Is It Time To Admit Character Doesn’t Matter?

Is It Time To Admit Character Doesn’t Matter?

There is a kind of willful obliviousness to character that is unseemly no matter which side of the political spectrum embraces it. It’s prominent in both Hillary Clinton and Donald Trump’s campaigns.
Henry Scanlon

How many times have we heard that it is righteous and fair to dig into the minutia of a candidate’s personal past, no matter how small or seemingly trivial the issue or how mean-spirited and tendentious the investigation, because, after all, it “goes to character” and, as we all know, when it comes to a presidential candidate, character is everything.

That’s why we need to know that 40 years ago Mitt Romney gave some guy an unwanted haircut, or that Ben Carson might be fibbing a bit about… whatever.

Maybe we vote largely on policy or, as they say, an assessment as to which candidate is best for our wallet, but character is a deal-breaker. Bad character equals no vote, it is thought. Hence: Unleash the dogs of investigative journalism and lay bare as many foibles, peccadilloes, and bad grade-school report cards you can unearth. It goes to character.

How much more do we need to see to know this notion is entirely preposterous? The only character issues most voters care about are the ones associated with the candidates they have no intention of voting for: Yes, those character flaws they care about. A lot.

With candidates they support, not so much. With their own favorite, there is no limit to the amount of obvious bad behavior and despicable character traits they will engorge without even beginning to choke. Maybe it’s a matter of turning a blind eye, or rationalizing, re-framing, or putting one’s fingers in one’s ears and humming “Embraceable You,” but the goal is the same: Move on. (Hey, didn’t a website with that name spring forth for the explicit purpose of papering over one particular president’s slimy and probably felonious conduct?)

The idea is to achieve stratospheric levels of high dudgeon about bad behavior in the guy you don’t support, while ignoring equally bad behavior, or worse, in the one you do, and by “guy” I mean Hillary. Or Donald. You get the idea.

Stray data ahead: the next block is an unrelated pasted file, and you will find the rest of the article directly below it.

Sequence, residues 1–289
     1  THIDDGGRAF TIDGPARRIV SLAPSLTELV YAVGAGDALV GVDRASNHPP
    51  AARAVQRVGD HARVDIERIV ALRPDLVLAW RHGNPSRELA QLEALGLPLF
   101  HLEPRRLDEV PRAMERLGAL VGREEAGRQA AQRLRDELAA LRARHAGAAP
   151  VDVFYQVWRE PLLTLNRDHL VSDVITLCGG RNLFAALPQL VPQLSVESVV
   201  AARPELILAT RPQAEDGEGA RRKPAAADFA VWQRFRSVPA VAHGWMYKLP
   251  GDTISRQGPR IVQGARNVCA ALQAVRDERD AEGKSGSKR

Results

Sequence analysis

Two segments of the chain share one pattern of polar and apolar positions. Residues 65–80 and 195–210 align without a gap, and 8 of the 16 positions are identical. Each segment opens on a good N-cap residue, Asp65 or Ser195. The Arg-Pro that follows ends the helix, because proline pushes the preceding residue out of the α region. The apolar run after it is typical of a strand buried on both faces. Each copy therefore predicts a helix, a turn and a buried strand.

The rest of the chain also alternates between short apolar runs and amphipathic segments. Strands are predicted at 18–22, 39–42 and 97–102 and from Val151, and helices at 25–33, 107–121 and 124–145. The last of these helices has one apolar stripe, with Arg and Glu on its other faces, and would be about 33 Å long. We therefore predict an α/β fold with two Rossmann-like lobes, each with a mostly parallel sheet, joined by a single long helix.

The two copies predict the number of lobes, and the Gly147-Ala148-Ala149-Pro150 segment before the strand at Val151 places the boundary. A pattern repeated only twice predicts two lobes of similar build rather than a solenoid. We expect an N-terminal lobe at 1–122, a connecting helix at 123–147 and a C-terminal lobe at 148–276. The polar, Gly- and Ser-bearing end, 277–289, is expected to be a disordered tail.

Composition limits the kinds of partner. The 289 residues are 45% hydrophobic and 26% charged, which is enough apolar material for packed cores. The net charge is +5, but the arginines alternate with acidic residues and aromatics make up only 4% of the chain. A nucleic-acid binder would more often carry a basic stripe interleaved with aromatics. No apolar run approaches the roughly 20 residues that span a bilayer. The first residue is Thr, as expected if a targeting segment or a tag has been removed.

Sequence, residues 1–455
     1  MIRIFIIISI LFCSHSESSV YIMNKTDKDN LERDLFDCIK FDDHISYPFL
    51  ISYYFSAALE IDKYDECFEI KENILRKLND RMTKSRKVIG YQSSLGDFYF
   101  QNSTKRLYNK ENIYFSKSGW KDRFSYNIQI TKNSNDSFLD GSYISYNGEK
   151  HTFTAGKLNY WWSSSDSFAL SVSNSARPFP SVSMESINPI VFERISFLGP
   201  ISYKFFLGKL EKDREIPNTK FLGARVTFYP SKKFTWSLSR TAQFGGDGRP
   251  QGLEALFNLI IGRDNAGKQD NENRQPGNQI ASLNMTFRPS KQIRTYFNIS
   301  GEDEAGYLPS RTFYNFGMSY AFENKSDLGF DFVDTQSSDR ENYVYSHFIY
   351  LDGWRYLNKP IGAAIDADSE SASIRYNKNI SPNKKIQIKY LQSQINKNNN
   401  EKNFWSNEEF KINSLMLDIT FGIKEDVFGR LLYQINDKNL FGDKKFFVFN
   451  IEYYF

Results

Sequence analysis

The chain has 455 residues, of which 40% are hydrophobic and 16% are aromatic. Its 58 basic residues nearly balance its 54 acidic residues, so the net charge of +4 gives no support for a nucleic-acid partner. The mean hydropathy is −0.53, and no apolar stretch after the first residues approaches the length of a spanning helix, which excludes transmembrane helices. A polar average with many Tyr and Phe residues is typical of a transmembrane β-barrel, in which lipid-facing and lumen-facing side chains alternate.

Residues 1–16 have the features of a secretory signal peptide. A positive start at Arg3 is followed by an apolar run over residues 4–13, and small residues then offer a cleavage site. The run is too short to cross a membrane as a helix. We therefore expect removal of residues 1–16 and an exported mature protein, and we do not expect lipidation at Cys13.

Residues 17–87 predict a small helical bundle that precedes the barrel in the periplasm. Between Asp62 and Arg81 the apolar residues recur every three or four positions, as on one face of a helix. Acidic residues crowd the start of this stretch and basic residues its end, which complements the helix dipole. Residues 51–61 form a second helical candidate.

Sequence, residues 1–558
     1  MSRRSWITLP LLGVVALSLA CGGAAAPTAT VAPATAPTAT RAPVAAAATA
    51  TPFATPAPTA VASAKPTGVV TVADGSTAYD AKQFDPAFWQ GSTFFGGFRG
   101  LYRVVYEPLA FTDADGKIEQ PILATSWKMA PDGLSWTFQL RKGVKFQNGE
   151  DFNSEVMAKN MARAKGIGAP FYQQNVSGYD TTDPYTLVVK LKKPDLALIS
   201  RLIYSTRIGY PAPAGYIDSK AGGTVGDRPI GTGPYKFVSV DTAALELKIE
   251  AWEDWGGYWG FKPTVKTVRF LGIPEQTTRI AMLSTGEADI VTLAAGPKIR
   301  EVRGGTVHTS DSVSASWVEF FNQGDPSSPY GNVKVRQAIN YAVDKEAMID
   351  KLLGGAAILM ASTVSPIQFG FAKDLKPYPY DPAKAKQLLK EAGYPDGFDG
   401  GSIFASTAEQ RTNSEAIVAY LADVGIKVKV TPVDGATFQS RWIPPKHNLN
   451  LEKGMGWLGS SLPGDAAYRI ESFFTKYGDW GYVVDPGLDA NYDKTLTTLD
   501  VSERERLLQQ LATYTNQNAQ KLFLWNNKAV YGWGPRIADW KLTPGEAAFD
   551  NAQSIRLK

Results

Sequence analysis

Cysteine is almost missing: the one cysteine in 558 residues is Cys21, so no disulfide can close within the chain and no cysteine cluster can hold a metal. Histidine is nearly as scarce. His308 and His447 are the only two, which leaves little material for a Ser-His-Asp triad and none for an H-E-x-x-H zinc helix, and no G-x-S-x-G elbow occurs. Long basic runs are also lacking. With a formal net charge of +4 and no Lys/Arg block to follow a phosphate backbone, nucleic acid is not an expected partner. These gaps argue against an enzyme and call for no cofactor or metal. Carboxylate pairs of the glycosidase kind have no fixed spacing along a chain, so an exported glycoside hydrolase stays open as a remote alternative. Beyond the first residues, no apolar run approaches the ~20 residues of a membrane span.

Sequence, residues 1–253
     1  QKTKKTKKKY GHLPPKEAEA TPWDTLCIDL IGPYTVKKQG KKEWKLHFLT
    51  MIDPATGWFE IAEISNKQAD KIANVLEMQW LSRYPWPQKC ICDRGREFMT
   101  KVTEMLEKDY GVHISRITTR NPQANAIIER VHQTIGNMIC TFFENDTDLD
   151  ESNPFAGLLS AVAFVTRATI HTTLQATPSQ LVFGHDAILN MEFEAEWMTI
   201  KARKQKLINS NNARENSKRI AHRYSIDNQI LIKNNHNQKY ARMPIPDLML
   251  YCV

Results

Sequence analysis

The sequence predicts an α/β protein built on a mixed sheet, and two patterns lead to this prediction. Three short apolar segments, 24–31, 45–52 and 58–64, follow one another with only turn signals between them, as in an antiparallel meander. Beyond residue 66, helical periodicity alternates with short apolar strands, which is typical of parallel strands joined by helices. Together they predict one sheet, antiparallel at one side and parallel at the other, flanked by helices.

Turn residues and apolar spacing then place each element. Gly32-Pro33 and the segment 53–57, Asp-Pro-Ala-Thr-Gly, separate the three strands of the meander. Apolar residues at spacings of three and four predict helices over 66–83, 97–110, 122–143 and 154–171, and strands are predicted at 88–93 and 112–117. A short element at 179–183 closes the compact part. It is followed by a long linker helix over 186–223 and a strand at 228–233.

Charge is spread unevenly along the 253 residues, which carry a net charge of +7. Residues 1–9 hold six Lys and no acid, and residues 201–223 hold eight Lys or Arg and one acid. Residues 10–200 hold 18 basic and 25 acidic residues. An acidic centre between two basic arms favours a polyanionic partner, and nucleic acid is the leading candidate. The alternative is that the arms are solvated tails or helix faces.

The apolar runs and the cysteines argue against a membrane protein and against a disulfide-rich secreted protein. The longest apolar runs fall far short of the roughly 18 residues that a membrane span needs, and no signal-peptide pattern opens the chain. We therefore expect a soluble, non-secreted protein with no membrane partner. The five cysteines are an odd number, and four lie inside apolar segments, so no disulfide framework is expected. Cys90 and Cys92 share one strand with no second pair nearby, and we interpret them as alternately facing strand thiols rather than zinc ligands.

We’ve Ignored Bad Character for Decades

Admittedly, and most certainly, it didn’t start with Hillary and Donald: Yes, William Jefferson Clinton may be many things, some of which are considered admirable, even presidential; but his behavior towards women, chronicled over and over for decades, shows he was (and probably still is), by even the most charitable analysis, a pig, everything mainline feminism has found repellent and execrable for 40 years, touching all the bases. Yet they voted for him, overwhelmingly.

All three were given a pass by the majority of the electorate.

Nixon may have profoundly improved the geopolitical landscape (a matter of continuing debate, but still), yet he was a twisted, petty man, overtaken by the irresistible tide of his own ugly vindictiveness. Not a nice man, you might say. He won in a landslide.

Kennedy, we now know, was, among other things, essentially a prep-school advantaged pimp. To this day, he is revered. (Okay, not by everybody, but pretty much.)

Three presidents, all men of very questionable “character,” as that term is customarily (and rather incessantly) applied in the context of presidential political gymnastics. No, that’s not all they were, but it is certainly part of what they were.

All three were given a pass by the majority of the electorate, and they were given that pass for the same reason and in the same way Hillary and Donald are currently being given a “character” pass.

That Brings Us to Hillary and Donald

Does anyone—other than Hillary supporters—have the ability to un-see the completely obvious corruption, insider finagling, roaring personal ambition, arrogance, phony-baloney pandering, and habitual prevarication (okay, call it “Clintonian Parsing”) that has draped her entire career, a level of broad-based malfeasance that would not only disqualify anyone else for any public office, but most likely land him in the pokey?

He is a guy willing to cut off the health insurance of a deathly ill infant nephew if it suits his purposes.